Tag Archives: community

The Illegal: Too Bad Lawrence Hill Likes His Protagonist Too Much

Marathon runners

*gentle spoilers* Lawrence Hill probably wants to write a novel with an unhappy ending. He takes his characters through all kinds of challenging and traumatic situations, he sets up plots that beg for dramatic and painful endings, he foreshadows the loss to come. And then… doesn’t deliver. Like The Book of Negroes, Hill’s new novel, The Illegal ends with the triumph of the virtuous over the corrupt, the community over the selfish individual and (you can probably hear it begin swelling around the same time as the last race sequence opens) swelling music as you know the hero is going to save and be saved. It’s a complaint I’d rather not make. I mean who wants to be the reader who asks for more pain for the well-crafted and sympathetic protagonist? It’s just that after experiencing a novel that sets itself up as realistic through the use of careful plot detail and complex character, it feels like an utter novelistic imposition to have such an – unbelievable – resolution. No character, no community – however deserving – achieves such universal satisfaction. [And I’m not a cynic! I’ve been accused of many things in my life, but pessimism isn’t one of them. On the contrary, my optimism is the source of much contention as it’s thought to be unrealistic – and to be fair D. Trump did just win a primary, so maybe it’s time for me to reconsider my position on the relentless upswing of the universe).]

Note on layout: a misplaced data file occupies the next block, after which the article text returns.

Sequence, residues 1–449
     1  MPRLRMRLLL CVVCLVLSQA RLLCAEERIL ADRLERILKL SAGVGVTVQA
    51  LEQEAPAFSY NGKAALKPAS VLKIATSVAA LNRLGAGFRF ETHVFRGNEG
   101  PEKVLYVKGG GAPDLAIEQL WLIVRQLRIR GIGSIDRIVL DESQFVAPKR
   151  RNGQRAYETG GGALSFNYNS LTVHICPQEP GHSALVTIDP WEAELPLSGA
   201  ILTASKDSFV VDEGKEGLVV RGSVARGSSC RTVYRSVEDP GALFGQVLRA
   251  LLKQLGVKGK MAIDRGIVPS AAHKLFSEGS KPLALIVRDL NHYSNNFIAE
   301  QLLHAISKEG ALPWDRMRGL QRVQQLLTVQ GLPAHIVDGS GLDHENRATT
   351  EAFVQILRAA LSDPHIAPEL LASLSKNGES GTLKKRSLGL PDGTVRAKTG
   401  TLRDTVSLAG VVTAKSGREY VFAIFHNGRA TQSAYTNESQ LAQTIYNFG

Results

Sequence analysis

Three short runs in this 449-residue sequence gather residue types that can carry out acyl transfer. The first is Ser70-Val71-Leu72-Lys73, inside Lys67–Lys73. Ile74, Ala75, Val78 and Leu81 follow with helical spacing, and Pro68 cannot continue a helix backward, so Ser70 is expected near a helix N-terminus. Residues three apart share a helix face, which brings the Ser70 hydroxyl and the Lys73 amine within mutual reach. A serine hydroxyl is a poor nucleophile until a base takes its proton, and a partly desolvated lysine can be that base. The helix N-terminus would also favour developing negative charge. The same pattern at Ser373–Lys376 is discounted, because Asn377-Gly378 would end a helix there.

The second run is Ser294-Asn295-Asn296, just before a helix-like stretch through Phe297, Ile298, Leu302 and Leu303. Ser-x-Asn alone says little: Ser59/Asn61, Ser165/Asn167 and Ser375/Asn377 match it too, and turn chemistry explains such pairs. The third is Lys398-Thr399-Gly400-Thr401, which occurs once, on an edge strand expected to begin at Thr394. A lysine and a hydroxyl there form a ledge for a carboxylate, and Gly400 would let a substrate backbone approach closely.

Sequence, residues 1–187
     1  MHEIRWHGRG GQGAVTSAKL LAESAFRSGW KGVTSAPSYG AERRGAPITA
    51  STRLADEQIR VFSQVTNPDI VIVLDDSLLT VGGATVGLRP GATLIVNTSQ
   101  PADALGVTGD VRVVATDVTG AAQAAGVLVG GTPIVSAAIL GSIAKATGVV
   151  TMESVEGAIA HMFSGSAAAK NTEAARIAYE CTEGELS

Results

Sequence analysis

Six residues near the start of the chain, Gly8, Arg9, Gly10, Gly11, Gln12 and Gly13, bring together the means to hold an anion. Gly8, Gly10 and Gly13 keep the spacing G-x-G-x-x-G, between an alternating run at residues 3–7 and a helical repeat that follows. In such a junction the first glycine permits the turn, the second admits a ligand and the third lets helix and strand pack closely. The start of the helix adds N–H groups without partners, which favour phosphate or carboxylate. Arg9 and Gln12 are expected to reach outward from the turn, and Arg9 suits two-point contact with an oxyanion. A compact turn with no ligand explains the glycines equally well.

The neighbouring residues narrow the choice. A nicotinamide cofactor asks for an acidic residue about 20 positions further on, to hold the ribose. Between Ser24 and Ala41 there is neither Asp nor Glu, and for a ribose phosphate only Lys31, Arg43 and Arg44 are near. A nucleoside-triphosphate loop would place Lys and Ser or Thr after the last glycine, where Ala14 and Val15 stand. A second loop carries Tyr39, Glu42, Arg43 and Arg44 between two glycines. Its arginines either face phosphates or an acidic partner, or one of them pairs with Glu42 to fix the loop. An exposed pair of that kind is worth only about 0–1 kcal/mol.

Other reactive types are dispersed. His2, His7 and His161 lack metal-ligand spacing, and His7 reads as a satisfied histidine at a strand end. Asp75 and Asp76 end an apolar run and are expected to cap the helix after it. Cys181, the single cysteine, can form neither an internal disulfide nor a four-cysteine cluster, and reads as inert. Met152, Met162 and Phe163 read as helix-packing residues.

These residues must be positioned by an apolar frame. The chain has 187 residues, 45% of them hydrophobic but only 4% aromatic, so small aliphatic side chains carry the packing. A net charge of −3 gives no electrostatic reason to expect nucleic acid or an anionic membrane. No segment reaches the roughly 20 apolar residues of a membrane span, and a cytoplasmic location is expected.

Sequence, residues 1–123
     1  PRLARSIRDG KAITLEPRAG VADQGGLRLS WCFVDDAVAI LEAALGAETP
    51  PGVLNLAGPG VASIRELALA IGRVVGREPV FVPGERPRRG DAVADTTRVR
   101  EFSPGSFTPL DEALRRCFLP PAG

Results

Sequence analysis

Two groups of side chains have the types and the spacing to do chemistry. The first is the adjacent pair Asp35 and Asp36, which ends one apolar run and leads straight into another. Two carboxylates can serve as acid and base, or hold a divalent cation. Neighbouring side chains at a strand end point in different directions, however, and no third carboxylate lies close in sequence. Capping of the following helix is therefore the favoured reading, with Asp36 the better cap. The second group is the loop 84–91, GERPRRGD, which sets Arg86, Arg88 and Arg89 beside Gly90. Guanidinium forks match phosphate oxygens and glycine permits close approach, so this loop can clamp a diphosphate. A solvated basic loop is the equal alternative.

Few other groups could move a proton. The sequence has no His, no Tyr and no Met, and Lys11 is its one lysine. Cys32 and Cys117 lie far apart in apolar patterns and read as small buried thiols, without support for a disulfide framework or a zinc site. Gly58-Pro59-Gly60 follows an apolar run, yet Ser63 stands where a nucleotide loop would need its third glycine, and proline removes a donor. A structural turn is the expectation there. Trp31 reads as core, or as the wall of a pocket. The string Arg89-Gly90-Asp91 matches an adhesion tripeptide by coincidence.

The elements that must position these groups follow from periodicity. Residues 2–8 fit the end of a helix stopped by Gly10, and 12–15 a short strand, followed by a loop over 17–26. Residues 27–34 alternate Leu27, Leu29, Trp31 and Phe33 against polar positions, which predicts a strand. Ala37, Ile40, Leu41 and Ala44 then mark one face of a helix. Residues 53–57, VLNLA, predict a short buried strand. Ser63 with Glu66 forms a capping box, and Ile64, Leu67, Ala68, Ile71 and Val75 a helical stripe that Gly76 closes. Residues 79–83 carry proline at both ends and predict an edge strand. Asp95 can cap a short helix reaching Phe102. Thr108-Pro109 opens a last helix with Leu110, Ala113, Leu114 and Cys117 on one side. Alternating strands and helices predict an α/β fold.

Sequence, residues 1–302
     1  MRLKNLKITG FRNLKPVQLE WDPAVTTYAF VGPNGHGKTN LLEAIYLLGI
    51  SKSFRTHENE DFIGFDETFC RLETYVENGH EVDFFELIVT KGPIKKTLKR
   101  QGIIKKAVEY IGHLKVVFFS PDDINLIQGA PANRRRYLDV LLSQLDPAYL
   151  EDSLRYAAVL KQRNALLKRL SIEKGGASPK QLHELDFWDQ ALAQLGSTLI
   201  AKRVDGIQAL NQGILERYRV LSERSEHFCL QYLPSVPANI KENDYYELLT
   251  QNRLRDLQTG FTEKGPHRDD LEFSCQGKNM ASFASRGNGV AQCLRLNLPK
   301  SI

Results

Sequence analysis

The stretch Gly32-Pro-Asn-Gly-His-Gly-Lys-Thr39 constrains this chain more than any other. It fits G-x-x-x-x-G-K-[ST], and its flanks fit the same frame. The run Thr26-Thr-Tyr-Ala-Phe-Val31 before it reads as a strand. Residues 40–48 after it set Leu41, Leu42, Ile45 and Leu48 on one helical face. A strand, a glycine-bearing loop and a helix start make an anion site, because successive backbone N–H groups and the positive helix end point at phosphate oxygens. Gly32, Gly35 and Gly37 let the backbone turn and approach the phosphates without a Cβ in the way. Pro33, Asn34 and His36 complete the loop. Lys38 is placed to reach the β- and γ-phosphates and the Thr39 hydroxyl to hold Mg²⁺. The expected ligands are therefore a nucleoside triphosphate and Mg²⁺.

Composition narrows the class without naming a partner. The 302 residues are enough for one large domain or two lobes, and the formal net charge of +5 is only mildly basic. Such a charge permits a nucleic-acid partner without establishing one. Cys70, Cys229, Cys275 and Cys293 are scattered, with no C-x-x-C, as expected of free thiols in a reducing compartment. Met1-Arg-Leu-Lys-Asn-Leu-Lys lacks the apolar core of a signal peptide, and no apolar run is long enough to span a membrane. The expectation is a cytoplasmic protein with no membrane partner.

That complaint soundly registered, I’d still recommend the book. With a well-paced and compelling plot, the novel follows runner Keita Ali as he struggles to run – and win – marathons while living as undocumented and ‘illegal’ in the eyes of the (fictional) Freedom State. His needs for winning are as high stakes as they are plentiful: he needs money to save his sister, to pay off his handler, to pay for surgery, to pay to make himself ‘legal’ in the eyes of the state. If these manifold reasons achieve anything (beyond instilling a sort of overwhelmed feeling that Keita will never survive – only to know in the back of your mind that of course he will because Hill can’t let him die [see complaint #1]), it’s the awareness that the insurmountable obstacles facing people in impossible situations are not obstacles of choice. What allows Keita to survive is, in the end, not his exceptional skill (though it helps), but rather the joint efforts of a community. This shift from individual responsibility for circumstance pushes readers to consider a similar shift in assignations of blame when considering those in similarly impossible situations (the timing of the book alongside the global interest in Syrian refugees certainly invites these kinds of parallel questions). Rather than expecting people to fix for themselves through hard work, grit (or incredible skill), we ought to recognize the ways we all need and benefit from shared effort and energy.